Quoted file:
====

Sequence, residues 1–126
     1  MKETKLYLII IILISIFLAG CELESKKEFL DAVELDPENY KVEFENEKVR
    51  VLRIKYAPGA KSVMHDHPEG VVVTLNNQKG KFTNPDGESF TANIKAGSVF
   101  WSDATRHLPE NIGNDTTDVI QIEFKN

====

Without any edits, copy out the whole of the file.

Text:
Sequence, residues 1–126
     1  MKETKLYLII IILISIFLAG CELESKKEFL DAVELDPENY KVEFENEKVR
    51  VLRIKYAPGA KSVMHDHPEG VVVTLNNQKG KFTNPDGESF TANIKAGSVF
   101  WSDATRHLPE NIGNDTTDVI QIEFKN